The problem with showmen

I’m fascinated by people like Ben Shapiro. He’s smooth, well-spoken, and he gets up on a stage and rattles off stuff like it’s all real. He has a strong following on social media, and conservatives seem to love him. I watch his videos from time to time, not necessarily videos that he posts, but videos of him, and I’m taken by some common themes. Let’s use this one as an example, after the fold.

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No more experts!

Image result for john brennan

I do not like politics of fear. I do not like making policies based on fear. I do not like using fear to play with people’s emotions. But, I am afraid. Genuinely afraid. I see a willful erosion of expertise in this country, and I fear the consequences will be worse than we can imagine. This is not a new feeling, but the removal of Brennan’s security clearance made it especially salient this morning. I recognize that this is a punitive act, and not directed at his expertise, but it’s all part of a bigger problem from my perspective.

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Embracing misinformation

Virtually everything Trump does requires his followers to be misinformed. This is not hyperbole, nor a false overgeneralization. His policies and rhetoric are overwhelmingly based on narrow views of people, the country, and the world. He paints a picture that is distorted as can be, then concocts harmful policy that serves a single purpose: get his followers to feel like he’s solving their problems (problems they didn’t face in the first place). My wish for us all is that we care when we are misinformed, and instead of attacking those who try to inform us (e.g., calling them “fakenews”), we welcome the education we receive.

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The problem with principles

I’m not a man of principles. That’s not to say that there aren’t things that I believe that are near universal, but it’s just that I don’t tend to view policy decisions and other things through the lens of principles. It seems we get ourselves into trouble when we do that, and I wonder if there’s some kind of a liberal/conservative divide on how we let principles guide us. I’ve been thinking about this quite a bit in the Trump era (which I hope won’t be a real era, but nevertheless feels like one already).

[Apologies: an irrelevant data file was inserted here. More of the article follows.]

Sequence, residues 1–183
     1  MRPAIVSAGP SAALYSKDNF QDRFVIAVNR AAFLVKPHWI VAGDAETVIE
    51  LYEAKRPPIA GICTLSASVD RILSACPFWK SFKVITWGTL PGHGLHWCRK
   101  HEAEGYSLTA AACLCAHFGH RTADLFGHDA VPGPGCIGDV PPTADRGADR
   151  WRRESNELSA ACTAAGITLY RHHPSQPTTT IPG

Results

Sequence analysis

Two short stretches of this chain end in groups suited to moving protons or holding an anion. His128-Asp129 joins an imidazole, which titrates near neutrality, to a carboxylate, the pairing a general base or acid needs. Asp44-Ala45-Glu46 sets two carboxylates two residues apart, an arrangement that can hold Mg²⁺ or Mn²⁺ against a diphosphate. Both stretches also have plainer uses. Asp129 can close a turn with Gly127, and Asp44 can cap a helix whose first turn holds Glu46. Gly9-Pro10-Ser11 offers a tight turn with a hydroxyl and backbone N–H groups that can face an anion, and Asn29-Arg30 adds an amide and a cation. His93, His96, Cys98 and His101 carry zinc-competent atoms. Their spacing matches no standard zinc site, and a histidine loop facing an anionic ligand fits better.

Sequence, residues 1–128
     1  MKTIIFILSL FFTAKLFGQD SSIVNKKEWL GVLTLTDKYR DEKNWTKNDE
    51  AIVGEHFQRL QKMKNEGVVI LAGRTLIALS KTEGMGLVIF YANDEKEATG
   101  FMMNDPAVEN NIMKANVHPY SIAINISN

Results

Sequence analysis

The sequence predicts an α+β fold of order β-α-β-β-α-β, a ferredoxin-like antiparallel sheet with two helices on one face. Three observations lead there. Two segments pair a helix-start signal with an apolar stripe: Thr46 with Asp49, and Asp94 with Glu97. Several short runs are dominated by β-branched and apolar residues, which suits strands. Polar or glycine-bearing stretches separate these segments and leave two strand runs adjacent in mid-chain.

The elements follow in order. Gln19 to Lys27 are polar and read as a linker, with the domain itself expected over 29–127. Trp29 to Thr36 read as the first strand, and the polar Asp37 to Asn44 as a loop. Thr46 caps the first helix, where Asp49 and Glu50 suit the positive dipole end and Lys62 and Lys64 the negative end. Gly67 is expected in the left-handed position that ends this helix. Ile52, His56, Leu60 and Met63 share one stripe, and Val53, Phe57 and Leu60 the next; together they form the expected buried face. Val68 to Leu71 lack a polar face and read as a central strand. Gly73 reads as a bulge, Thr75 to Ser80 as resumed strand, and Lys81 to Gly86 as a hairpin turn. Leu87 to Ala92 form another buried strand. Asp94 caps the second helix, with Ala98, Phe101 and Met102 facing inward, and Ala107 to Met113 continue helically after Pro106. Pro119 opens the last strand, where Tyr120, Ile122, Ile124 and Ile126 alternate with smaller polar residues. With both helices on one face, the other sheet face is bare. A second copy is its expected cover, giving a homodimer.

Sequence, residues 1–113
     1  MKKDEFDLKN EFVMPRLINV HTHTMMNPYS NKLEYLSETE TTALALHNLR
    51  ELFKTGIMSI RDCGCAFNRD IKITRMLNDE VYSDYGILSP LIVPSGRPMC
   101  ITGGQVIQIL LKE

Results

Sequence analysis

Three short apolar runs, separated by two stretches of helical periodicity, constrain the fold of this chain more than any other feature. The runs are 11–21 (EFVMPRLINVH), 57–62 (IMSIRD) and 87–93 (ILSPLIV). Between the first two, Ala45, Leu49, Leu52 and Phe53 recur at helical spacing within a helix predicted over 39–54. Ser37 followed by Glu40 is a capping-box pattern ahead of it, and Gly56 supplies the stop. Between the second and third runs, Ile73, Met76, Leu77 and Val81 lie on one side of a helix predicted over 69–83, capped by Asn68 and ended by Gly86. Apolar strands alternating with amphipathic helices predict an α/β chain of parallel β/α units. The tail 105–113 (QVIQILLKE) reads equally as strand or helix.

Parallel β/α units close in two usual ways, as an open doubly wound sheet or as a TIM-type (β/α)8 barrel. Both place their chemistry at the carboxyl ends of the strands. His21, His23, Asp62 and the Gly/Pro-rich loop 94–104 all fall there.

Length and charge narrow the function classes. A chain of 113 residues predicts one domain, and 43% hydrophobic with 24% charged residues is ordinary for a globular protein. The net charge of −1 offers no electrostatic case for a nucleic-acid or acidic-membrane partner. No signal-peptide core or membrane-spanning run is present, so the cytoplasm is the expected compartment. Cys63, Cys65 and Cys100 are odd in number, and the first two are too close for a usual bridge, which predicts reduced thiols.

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When (flawed) theocracy comes to town

I posted this on Facebook, along with a video that might still be available here.

I’m opposed to theocracy, and I don’t think religious law should ever be the basis for civil law. That said, many Americans claim to want laws based on Christianity. Oddly, many of these same people are now so enshrined in the cult of Trump, that they can’t even see how they’re being led so far astray from their religious teachings.

What’s even more strange to me is how often some groups of Christians talk about fearing the devil, and how he will lead them away from Christ if they aren’t super careful. I can’t imagine these folks following anybody less Christ-like than Trump, but there they go, without a fear in the world that they might be falling into the trap they’ve been warned of over and over.

Of course, I don’t believe Trump is the devil. I don’t believe either exists. But if I believed in those things, I can’t imagine not being very afraid to watch people following the obviously wrong guy, without thinking twice about it. If you made a movie about the devil, his life story could look a lot like Trump’s

I wanted to hold on to this post, outside of Facebook, but I also wanted to preserve one comment on the post, that came from a Jesuit Priest I’ve known since I was a teenager. I don’t know if he would be OK with me sharing his words outside of Facebook, so I won’t credit him by name, but I want to preserve his message nonetheless.

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Political prediction of the day

crystal ball

Predicting the future is very difficult. I’m doing this for fun, not because there’s any reward for being right or wrong, but just because I’m having this thought this morning, and it would be a lot of fun if I nailed it (OK, not fun, because it’s not a rosy prediction). Here it is:

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Suicide

In the past week, two famous people died by suicide. This is not the first, nor the last time that a celebrity will take his or her own life. As humans, in our culture, we feel sad about this. When it is a celebrity, we feel sad because we feel a connection to celebrities, and it is as if we lost somebody we knew, even if we didn’t really know the person. For some celebrities, especially those who are still making music or art or film or theater, we feel a justified loss because we know that we lost the chance to ever hear a new song by Prince, or see (or own) a new design by Kate Spade, or learn about a new fascinating place by Anthony Bourdain. It seems reasonable to be sad about that, even if it’s not the loss of somebody who is in our real lives. Suicide is complicated though, and I have very mixed feelings about it, and my thoughts aren’t entirely consistent with each other, but like other things I write about, I find it a bit cathartic to put pen to paper (fingers to keyboard) and try to flesh things out a bit. The relative anonymity, and low volume traffic of this site of mine helps bring out the honesty too. Here goes…

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